Prime Minister Scott Morrison will head to Tokyo today for his first overseas trip since the coronavirus pandemic began, on a visit highlighting the importance of the Australia-Japan relationship.
The visit comes at a time when Australia-China relations are at a low point and there is uncertainty in the United States over its transition of political leadership.
That unpredictability is bringing Canberra and Tokyo together, with the nations planning to strengthen business and defence ties. But it is unclear whether a long-negotiated key military cooperation agreement will be signed on this trip.
However, the ABC has been told there is broad agreement on the text.
The subject of a travel bubble between Australia and Japan has been complicated by fears of a third wave of coronavirus cases in Japan.
The country had a record number of infections in the past week.
But much of the focus will be on defence and maritime security.
Over the past few years, the defence relationship between Japan and Australia has grown stronger, with bilateral air combat exercises above Japan’s northern island as well as naval exercises with the US in the South China Sea.
You do not have to look hard to see how Australia-Japan ties have improved in the past few months.
Japan’s new Prime Minister, Yoshihide Suga, picked Morrison for his first call as the country’s new leader, ahead of US President Donald Trump, the leader of Japan’s closest ally.
Last month, Foreign Minister Marise Payne and Defence Minister Linda Reynolds both visited Tokyo within weeks of one another for meetings with their Japanese counterparts.
As it did in those meetings, China and its increasing assertiveness is certain to dominate private discussions between Suga and Morrison — though it will be a surprise if the leaders mention this by name.
Expect it to be framed by language about the “rules-based order” and the “free and open” or “peaceful and prosperous” Indo-Pacific.
Japan’s 2020 Defence White Paper contained more criticism of China than ever before — particularly over Beijing’s “relentless” unilateral attempts to change the status quo in the region by coercion around the Senkaku Islands.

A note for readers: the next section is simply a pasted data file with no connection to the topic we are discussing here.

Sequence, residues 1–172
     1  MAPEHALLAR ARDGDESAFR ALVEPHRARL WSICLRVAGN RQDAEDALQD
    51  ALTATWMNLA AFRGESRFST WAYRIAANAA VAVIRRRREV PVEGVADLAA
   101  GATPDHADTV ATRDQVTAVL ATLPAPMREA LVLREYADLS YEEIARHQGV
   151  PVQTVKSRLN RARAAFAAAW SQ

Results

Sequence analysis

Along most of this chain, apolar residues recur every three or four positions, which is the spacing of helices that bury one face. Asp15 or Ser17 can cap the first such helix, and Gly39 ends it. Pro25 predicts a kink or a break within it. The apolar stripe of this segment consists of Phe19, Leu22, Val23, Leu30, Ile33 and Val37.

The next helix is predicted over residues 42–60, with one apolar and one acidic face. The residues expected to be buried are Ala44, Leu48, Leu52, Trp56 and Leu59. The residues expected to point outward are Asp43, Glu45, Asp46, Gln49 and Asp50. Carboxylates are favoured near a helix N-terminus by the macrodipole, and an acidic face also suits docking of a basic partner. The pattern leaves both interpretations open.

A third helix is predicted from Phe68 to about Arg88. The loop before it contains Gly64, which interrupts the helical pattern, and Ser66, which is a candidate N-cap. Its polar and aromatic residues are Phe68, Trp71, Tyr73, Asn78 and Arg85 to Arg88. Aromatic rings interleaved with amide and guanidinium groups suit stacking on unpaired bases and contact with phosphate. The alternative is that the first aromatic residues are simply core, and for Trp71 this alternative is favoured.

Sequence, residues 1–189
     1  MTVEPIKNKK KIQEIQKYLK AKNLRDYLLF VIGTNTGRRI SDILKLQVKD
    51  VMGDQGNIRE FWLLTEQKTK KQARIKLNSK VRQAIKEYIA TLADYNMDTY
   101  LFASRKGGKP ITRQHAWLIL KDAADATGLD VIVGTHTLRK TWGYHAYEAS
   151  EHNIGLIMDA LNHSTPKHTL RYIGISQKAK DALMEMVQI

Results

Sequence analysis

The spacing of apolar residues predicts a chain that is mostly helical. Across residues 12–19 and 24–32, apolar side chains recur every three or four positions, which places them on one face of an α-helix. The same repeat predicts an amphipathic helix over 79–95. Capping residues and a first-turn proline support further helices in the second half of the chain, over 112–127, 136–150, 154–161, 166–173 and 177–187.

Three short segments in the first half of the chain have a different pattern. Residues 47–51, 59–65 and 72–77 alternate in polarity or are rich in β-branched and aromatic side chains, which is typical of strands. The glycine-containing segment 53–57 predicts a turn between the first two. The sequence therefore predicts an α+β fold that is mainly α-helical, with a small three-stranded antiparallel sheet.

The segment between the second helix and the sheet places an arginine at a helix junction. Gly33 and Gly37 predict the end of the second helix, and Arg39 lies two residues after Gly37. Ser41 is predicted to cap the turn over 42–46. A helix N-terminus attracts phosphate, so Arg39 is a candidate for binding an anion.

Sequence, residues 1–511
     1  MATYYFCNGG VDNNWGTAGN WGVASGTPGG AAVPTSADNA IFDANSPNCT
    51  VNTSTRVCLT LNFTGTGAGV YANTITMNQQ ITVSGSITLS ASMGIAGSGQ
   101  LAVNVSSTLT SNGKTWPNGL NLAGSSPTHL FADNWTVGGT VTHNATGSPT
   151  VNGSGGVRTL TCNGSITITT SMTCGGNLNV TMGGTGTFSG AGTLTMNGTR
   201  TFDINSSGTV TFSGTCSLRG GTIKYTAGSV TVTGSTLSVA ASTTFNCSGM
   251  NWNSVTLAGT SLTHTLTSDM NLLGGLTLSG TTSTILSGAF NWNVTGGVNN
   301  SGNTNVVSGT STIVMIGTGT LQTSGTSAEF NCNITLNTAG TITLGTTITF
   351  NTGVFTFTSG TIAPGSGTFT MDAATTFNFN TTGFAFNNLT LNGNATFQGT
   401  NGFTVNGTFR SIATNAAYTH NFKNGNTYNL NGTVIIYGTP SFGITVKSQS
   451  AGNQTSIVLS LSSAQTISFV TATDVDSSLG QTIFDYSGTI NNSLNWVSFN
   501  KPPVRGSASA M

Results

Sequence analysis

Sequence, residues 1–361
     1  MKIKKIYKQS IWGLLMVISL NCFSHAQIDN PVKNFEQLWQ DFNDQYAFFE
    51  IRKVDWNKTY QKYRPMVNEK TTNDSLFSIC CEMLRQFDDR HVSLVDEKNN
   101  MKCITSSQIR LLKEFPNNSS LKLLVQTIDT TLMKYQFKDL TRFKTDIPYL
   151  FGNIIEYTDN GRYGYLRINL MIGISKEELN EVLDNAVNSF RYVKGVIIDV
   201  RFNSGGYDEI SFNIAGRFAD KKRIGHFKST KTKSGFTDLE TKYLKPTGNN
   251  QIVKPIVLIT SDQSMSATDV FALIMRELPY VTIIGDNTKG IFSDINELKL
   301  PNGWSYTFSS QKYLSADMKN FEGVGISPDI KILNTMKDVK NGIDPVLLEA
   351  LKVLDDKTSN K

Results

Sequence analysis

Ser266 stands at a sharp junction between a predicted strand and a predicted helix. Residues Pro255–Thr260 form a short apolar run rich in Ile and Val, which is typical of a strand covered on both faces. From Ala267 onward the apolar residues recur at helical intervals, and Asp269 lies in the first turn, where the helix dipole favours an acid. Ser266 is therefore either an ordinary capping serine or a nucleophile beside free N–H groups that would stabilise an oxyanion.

The islands are controlled by Japan but claimed by China, which has been sending its Coast Guard ships into Japan’s territorial waters.
Australia’s economic challenges with Beijing are growing by the day, with sanctions being placed on many products.
News about the increasing Chinese sanctions is also being reported here in Japan.
Stronger defence ties held up by rules on ADF operating in Japan
In the past few years, Australia and Japan have signed intelligence and defence research-sharing agreements.
But a sticking point in the Japan-Australia defence relationship has been a document known as the Reciprocal Access Agreement (RAA).
The document sets out what’s required for Australian Defence Force (ADF) troops to legally operate in and around Japan, and the same for Japan’s Self Defence Forces in Australia.
During a speech at the Australian embassy in Tokyo in 2018, Australian National University professor John Blaxland described the RAA as akin to a status of forces agreement.
“It expedites and facilitates rapid and seamless interoperability and ADF elements in Japan, or wherever we might be based, in response to a crisis like the Indian Ocean tsunami or typhoons in the Philippines,” he said.
“[There was the] Fukushima disaster in Japan where Australian C17 [aircraft] flew in equipment but struggled to get it off boarded because of administrative procedures that had not been agreed upon beforehand.”
But talks on the deal have been stalled over the condition of Australian troops being subject to the death penalty in Japan.
The Japan-US Status of Forces Agreement implemented after World War II has been a historical source of tension between Tokyo and Washington DC, so there’s some degree of caution being applied here, according to Carnegie Endowment senior fellow James Schoff.